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Standard Interpretations - Table of Contents
• Standard Number: 1910.24; 1910.24(b); 1910.27

December 10, 2003

Mr. Harry Lancaster
Health and Safety Specialist
Duke/Fluor Daniel
PO Box 1011
Charlotte, NC 28201

Dear Mr. Lancaster:

Thank you for your October 28, 2002 letter to the Occupational Safety and Health Administration's (OSHA's) Directorate of Enforcement Programs. We apologize for the delay in providing a full response. This letter constitutes OSHA's interpretation only of the requirements discussed and may not be applicable to any questions not delineated within your original correspondence. You had specific questions regarding the application of 29 CFR 1910.24(b) to secondary containment structures surrounding bulk chemical storage tanks. Your paraphrased inquiry and our response follow.

Inquiry: Are fixed industrial stairs required to provide access to secondary containment structures surrounding bulk chemical storage? It is common industry practice to provide fixed ladders for access to these areas because:
  1. Access to the secondary containment structures is not routinely required (i.e., not daily or at the end of each shift);
  2. All connections and equipment for routine operation of these tanks are located outside the secondary containment structures; and
  3. Entry into secondary containment structures would not involve employee exposure to acids, caustics, gases, or other harmful substances under normal conditions. Employee exposure to acids, caustics, gases, or other harmful substances would occur only in the event of an uncontrolled release, which would be managed as prescribed under 29 CFR 1910.120(q).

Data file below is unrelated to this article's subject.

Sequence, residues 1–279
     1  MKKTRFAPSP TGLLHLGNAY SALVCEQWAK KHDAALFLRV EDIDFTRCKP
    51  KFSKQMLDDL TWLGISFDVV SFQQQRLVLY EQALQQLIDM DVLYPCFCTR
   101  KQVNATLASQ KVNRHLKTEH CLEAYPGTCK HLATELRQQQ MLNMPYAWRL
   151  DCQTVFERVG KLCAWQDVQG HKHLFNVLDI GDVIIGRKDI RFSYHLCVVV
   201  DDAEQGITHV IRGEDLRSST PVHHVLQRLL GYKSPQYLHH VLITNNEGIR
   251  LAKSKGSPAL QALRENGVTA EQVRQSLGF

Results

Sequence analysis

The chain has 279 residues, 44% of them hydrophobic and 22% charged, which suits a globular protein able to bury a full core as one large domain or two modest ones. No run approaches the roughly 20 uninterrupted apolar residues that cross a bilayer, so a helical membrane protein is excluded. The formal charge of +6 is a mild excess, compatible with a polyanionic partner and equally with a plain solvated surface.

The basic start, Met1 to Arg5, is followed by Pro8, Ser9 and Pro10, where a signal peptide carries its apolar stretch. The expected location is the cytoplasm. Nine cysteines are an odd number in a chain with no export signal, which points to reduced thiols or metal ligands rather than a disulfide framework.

Response: If none of the conditions of 29 CFR 1910.24(b) that would trigger the use of fixed industrial stairs are met, then it would be appropriate to use fixed ladders that meet the requirements of 29 CFR 1910.27. To reiterate the requirements of 29 CFR 1910.24(b), fixed industrial stairs shall be provided for access from one structure level to another:
  1. Where operations necessitate regular travel between levels, and for access to operating platforms at any equipment which requires attention routinely during operations;
  2. Where access to elevations is daily or at each shift for such purposes as gauging, inspection, regular maintenance, etc.;
  3. Where such work may expose employees to acids, caustics, gases, or other harmful substances; or
  4. Where for such work the carrying of tools or equipment by hand is normally required.
Each secondary containment structure and the location and frequency of associated work activities would need to be evaluated on a case-by-case basis to determine if any of the conditions of 29 CFR 1910.24(b) are met. If any one of the above conditions are met, then fixed industrial stairs would be required. Although not specifically addressed in this response, other OSHA standards such as those concerning flammable and combustible liquids and permit-required confined spaces may be also be applicable to diked areas.

Thank you for your interest in occupational safety and health. We hope you find this information helpful. OSHA requirements are set by statute, standards, and regulations. Our interpretation letters explain these requirements and how they apply to particular circumstances, but they cannot create additional employer obligations. This letter constitutes OSHA's interpretation of the requirements discussed. Note that our enforcement guidance may be affected by changes to OSHA rules. Also, from time to time we update our guidance in response to new information. To keep apprised of such developments, you can consult OSHA's website at
http://www.osha.gov. If you have any further questions, please feel free to contact the Office of General Industry Enforcement at 202-693-1850.


Richard E. Fairfax, Director
Directorate of Enforcement Programs

Standard Interpretations - Table of Contents

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